Construction firms are lining up to build the wall despite potential boycotts

So… how’s that border wall project coming? Thus far the truthful answer is that it’s not. But any project of that magnitude takes a long time to get into gear and when you add in the federal government procurement process you can multiply that figure by a significant measure. The Trump administration did, however, put out what’s known as a “pre-solicitation notice” on the appropriate government website and the response has thus far not been lacking in enthusiasm. Hundreds of different companies have expressed an interest in placing a bid to do the work. Perhaps most shockingly to those who look at virtually everything through a political lens, more than 100 of them are from California. (Los Angeles Times)

International engineering corporations, boutique architectural firms and tiny mom-and-pop builders with names like “Loko-Koko” are lining up to help build President Trump’s border wall, despite the fact that Mexico has said it won’t pay for it and polls show that many Americans don’t want it.

Since the Department of Homeland Security placed a presolicitation notice on the Federal Business Opportunities website in late February for “the design and build of several prototype wall structures in the vicinity of the United States border Mexico,” more than 600 interested vendors from around the country have signed on, including almost 100 entities from California.

Kevin Rouhani of Meridian Precast Inc., a Westwood-based company that produces prefabricated walls and concrete panels and has worked on government infrastructure such as BART stations in the Bay Area, says he is keeping an eye on the specifications of the project to see if it might suit his company.

“Any big project in general that has some sort of potential, we’ll follow and see if it has anything for us,” said Kevin Rouhani.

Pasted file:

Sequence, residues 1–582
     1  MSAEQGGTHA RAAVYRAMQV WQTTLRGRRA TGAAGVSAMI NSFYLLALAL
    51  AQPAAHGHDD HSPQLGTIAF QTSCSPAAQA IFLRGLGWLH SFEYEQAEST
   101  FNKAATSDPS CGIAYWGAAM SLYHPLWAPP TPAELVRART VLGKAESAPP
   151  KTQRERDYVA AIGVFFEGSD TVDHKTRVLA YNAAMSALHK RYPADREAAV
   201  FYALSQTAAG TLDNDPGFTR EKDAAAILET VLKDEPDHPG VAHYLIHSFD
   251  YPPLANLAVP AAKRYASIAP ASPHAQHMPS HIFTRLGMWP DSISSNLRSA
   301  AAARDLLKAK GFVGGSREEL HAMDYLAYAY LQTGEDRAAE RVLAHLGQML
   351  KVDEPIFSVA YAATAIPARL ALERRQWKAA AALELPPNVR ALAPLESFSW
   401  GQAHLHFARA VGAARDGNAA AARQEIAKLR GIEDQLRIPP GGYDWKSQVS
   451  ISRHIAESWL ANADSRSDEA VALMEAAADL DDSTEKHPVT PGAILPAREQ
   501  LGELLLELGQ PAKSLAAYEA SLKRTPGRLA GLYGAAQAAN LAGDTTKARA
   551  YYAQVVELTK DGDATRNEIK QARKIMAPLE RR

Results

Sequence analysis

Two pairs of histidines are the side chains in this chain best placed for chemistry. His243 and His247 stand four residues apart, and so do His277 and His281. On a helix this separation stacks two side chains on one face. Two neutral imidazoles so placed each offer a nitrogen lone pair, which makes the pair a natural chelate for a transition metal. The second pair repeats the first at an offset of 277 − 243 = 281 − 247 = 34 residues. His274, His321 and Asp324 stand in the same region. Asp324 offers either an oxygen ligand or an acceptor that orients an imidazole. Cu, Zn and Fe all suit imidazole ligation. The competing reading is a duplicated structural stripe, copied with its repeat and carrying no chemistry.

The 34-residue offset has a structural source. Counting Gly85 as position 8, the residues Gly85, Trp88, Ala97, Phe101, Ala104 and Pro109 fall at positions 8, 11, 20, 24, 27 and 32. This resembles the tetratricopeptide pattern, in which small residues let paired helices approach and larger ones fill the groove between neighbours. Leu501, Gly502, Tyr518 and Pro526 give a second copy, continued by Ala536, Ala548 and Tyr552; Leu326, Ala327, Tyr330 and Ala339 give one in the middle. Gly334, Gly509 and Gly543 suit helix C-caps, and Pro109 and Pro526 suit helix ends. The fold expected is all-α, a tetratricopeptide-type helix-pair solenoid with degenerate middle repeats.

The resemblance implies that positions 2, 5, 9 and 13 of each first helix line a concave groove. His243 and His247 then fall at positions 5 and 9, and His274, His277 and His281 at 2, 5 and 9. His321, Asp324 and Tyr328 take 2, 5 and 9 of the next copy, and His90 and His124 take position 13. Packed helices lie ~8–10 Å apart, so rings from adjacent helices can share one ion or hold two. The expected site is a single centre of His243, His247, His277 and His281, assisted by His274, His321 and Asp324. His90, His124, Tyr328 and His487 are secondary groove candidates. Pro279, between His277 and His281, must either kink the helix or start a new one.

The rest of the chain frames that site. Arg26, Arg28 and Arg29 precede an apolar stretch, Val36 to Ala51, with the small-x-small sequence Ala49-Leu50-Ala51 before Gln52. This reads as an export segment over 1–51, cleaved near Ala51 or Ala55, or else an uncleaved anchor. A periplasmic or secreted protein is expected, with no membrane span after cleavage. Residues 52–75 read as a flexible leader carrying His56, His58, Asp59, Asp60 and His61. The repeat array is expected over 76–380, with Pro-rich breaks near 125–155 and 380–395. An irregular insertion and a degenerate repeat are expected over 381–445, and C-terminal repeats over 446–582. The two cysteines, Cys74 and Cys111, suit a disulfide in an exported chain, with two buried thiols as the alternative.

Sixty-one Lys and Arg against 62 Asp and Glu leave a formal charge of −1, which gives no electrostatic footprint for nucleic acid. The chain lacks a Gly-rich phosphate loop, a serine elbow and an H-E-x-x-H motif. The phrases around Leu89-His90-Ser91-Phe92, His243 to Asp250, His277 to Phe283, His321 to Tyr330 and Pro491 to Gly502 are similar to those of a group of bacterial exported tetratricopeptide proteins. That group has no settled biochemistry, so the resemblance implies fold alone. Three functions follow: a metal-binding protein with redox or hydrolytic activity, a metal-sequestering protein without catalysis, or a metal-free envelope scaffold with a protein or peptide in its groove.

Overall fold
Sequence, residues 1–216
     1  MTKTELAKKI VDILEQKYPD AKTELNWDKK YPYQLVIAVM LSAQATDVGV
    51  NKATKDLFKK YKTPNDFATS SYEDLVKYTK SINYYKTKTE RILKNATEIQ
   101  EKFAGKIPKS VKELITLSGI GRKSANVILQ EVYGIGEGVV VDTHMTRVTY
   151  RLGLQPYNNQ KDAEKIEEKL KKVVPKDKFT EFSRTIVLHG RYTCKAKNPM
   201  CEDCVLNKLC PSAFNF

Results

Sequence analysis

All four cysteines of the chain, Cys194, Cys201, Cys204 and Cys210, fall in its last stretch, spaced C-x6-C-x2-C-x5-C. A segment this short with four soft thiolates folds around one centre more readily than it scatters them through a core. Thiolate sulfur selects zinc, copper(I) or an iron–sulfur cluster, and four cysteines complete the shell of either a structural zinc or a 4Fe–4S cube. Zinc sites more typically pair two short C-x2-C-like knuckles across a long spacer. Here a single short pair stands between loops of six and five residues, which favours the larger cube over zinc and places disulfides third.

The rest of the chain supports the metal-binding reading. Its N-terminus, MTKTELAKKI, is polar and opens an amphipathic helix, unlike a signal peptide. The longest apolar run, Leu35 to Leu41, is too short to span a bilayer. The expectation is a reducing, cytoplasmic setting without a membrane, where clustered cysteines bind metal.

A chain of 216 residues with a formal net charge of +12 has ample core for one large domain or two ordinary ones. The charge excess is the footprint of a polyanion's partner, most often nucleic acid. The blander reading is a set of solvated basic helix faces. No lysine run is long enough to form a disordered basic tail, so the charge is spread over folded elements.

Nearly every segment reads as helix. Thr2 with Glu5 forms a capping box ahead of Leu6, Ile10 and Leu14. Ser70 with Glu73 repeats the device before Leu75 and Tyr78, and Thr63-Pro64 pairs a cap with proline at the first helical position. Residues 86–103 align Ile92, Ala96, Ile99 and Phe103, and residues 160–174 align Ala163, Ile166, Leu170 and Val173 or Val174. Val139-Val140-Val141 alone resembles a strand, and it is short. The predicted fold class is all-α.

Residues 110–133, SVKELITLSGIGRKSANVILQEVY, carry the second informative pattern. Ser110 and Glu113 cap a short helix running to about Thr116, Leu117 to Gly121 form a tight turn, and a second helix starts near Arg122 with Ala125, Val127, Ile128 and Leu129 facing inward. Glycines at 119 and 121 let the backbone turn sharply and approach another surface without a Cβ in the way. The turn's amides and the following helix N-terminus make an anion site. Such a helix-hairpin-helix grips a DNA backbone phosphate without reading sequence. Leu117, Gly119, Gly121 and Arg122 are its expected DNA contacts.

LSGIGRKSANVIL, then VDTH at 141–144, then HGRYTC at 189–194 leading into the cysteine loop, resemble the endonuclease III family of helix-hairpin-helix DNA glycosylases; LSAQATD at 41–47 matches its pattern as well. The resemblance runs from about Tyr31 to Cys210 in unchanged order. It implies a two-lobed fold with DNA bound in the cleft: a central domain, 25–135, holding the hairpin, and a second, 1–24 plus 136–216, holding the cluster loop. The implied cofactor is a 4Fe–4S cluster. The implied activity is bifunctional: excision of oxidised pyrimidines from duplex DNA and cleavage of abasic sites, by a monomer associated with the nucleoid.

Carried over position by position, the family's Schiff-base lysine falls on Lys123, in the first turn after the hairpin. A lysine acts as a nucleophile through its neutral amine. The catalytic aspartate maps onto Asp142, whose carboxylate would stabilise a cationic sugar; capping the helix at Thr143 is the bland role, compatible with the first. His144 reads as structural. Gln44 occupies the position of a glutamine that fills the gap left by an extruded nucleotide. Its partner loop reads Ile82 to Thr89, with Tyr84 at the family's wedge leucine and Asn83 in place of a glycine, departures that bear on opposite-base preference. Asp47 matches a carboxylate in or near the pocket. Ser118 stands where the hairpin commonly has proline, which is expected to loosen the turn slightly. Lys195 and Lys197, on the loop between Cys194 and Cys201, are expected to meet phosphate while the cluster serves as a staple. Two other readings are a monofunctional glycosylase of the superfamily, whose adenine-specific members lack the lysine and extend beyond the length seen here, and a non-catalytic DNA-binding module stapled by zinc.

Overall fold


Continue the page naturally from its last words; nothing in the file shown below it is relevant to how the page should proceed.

Stepping back from the politics for a moment, this is just common sense. If Uncle Sam announces (even a bit prematurely) that a pool of billions of dollars is going to be coming available, people are going to be lining up for a piece of that action. But you can tell from the quotes offered by a few of the potential bidders in the linked article that they are already hedging their bets in preparation for some backlash. One project coordinator for Halbert Construction in El Cajon, California is quoted as saying, “we try not to bring our political beliefs into it.”

Yeah, good luck with that. If this were any other government infrastructure project under any other president this wouldn’t be a story worthy of making it onto the back page of most national newspapers. (Unless the cost was completely outrageous or there was some sort of corruption exposed in the bidding process.) But in this case there are a few magic buzzwords involved which immediately turn up the heat by several orders of magnitude. “Build the wall” was one of the most common chants heard at Trump rallies around the nation all through the campaign. This translated it into immediately becoming one of the most hated ideas among liberals, despite the fact that none of them would wish to be pressed on the subject of why they wouldn’t want to prevent intruders from illegally entering the country. It didn’t matter because “the wall” had become a symbol of all things Trump.

You don’t need a magic eight ball to predict what’s going to happen once the funds are put in place, contracts are awarded and construction begins. Liberal groups will be filling up buses with protesters from around the country heading for the border (with CNN cameras in tow) and preparing to put on the usual show. Whichever companies are fortunate enough to win this work will immediately become symbols of The Enemy and online petitions will be launched to boycott them and sink their business. (Never mind the fact that they will likely be creating new jobs and taking people off the unemployment line. Who cares about a little thing like that when there are political points to be scored?)

The companies based in California, should they be awarded any of the work, are probably the ones who have the most to fear. The left coast is a nexus for such well-funded disruption and resistance and they will probably be able to block entry to the doorways of such companies and make the lives of both the management and the employees a living hell. It’s not going to stop any progress from taking place but it will no doubt make them feel better and give the media something else to talk about.

Jazz Shaw Aug 17, 2022 11:01 AM ET